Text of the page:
British consumers have faced a tough few months — but for those banking with HSBC, times may be about to get tougher still.
Following a reported 35 per cent fall in its quarterly profits, HSBC has announced that it might have to start charging its customers for basic services such as current accounts
British customers would be forgiven if they start looking to take their business elsewhere — but not only for this reason.
When the FinCEN files leaked in September, HSBC’s involvement in an international Ponzi scheme sent the bank’s share prices tumbling. It had been warned about the account holder’s suspicious activities, but moved their money anyway. As anyone who followed HSBC’s relationship with China knows, this wasn’t the first time it had chosen to ignore the human cost of its business relationships.
In fact, it reflected a cynical pattern of behaviour from HSBC — one that is epitomised by its backing for Hong Kong’s draconian National Security Law, and the brutal authorities who have been trying to stamp out the freedom and democracy movement in the territory.
When Hong Kong’s establishment, overseen by Beijing, introduced the National Security Law this summer, it drew international condemnation. The rules are grossly overreaching: targeting any individual, anywhere in the world, who commits any act that could be construed as critical of the Hong Kong government.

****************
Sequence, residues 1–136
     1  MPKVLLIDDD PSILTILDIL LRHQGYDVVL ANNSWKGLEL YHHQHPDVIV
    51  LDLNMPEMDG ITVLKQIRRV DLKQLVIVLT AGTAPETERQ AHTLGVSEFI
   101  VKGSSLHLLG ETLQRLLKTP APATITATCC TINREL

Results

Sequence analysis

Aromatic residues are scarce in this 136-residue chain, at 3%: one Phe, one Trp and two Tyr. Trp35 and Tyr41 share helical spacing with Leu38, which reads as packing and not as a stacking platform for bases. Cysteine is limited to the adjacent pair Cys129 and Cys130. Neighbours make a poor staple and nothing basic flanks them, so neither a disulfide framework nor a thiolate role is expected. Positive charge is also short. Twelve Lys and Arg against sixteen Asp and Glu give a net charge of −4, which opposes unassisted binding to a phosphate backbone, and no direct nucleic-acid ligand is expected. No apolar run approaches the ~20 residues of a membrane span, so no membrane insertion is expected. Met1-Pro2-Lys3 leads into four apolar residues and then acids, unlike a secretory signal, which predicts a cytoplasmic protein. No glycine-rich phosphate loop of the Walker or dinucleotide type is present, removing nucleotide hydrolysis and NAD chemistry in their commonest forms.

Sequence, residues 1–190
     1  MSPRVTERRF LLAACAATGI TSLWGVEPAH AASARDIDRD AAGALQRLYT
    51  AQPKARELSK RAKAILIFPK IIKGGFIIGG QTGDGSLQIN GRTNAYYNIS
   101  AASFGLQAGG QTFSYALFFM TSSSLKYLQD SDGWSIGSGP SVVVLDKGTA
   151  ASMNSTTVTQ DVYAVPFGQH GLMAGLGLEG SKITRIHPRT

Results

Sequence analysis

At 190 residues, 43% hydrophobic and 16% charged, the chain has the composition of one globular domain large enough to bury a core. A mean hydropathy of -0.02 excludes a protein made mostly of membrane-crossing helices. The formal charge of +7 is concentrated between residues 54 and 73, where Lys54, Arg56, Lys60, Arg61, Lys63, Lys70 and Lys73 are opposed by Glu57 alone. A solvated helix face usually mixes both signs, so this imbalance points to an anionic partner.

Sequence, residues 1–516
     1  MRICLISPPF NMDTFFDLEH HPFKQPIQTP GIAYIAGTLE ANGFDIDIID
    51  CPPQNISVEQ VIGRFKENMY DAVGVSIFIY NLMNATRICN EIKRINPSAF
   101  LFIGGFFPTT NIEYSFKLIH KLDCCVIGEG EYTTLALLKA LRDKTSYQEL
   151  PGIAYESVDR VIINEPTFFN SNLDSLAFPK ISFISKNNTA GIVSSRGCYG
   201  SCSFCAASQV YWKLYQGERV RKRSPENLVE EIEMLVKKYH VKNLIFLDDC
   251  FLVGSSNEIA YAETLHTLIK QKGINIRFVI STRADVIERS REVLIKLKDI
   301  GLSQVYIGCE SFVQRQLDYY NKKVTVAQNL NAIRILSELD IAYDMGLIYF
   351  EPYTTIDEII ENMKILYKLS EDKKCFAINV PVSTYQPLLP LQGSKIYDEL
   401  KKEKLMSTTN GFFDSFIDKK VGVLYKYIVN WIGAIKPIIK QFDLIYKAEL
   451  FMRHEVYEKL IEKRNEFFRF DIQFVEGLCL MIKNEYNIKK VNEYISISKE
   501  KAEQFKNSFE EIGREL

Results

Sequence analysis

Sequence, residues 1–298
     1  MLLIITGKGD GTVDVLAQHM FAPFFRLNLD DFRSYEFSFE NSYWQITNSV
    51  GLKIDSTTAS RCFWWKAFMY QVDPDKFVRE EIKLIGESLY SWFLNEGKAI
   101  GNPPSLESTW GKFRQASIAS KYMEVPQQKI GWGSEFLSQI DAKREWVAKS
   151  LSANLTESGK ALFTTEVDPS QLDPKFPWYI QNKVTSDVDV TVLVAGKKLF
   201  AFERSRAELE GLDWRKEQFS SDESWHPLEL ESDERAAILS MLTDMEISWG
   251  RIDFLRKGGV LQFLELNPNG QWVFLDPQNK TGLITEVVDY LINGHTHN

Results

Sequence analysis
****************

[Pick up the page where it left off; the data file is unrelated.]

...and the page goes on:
HSBC’s history in the region meant it would have been uniquely placed to take a stand against the rising wave of totalitarianism. Instead, it chose the side of the oppressor: issuing a statement of support for “all laws that stabilise Hong Kong’s social order”.
As we speak, the people of Hong Kong are fighting for basic rights which we in the UK take for granted. The new rules have effectively ended freedom of speech and protest in the city in one fell swoop. Overnight, a core tenet of democracy — being able to disagree with your government — crumbled. The move is part of an increasingly brutal regime overseen by mainland China, which has seen the city’s police deliberately use violence and intimidation to dissuade protesters.
The Chinese-orchestrated roll-back of freedoms in Hong Kong is a clear breach of the Sino-British Joint Declaration — a UN-recognised treaty that both countries signed in 1984 agreeing how the colony would be governed after Britain relinquished control. HSBC, a British bank with a long history of operating in Hong Kong, has flourished in the territory’s liberal economy.
But the rule of law is fundamental to the proper working of a market economy. The bank cannot support the erosion of democracy in one part of the world while benefiting from it in another. To do so is hypocritical.
HSBC can and must do better. If it will not make this move on its own, then it must be persuaded. If companies like BlackRock, Aviva or Legal and General begin to pull their vast investments in the bank, that would send a clear message of support to the people of Hong Kong who are battling for their freedom.
Once a beacon of democracy, Hong Kong’s time as a free city is in danger of running out. Our own banks cannot benefit from the torture and disenfranchisement of innocent people. Now is the time for all who have dealings with HSBC — be it shares, bank accounts or sponsorship arrangements — to send a clear message that their support will be withdrawn if the company continues to endorse blatant human rights abuses.
We must show the people of Hong Kong who are fighting for the soul of their city that they are not alone.
Main image credit: Getty